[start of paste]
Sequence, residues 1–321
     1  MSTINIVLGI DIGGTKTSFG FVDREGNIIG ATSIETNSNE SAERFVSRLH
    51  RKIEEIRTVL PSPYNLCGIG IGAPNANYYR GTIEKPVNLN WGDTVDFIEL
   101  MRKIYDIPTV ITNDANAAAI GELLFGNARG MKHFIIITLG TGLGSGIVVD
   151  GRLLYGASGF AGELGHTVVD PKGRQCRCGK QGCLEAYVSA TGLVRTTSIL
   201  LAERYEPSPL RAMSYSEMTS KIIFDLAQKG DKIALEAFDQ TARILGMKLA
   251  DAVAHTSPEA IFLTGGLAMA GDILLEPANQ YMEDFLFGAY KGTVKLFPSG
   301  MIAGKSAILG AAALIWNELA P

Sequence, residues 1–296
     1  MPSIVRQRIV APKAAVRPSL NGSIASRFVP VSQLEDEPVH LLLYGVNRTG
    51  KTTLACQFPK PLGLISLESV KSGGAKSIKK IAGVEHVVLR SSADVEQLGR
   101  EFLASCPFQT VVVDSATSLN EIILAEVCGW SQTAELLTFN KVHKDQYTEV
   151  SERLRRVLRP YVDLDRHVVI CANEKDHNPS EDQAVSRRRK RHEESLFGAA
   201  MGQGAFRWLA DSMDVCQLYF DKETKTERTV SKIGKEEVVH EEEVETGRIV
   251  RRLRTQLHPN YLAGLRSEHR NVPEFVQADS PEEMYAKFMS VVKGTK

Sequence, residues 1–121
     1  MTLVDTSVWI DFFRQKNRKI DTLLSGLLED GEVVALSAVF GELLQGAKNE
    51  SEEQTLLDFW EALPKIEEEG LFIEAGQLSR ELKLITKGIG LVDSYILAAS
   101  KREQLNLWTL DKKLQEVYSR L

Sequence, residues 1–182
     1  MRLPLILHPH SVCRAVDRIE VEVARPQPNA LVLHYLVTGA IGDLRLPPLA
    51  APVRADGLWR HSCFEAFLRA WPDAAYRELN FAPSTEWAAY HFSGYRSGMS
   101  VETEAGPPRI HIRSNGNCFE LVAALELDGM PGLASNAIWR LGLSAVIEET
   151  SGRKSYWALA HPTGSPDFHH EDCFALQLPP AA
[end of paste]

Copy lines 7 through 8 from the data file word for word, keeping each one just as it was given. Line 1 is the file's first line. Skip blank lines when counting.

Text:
   251  DAVAHTSPEA IFLTGGLAMA GDILLEPANQ YMEDFLFGAY KGTVKLFPSG
   301  MIAGKSAILG AAALIWNELA P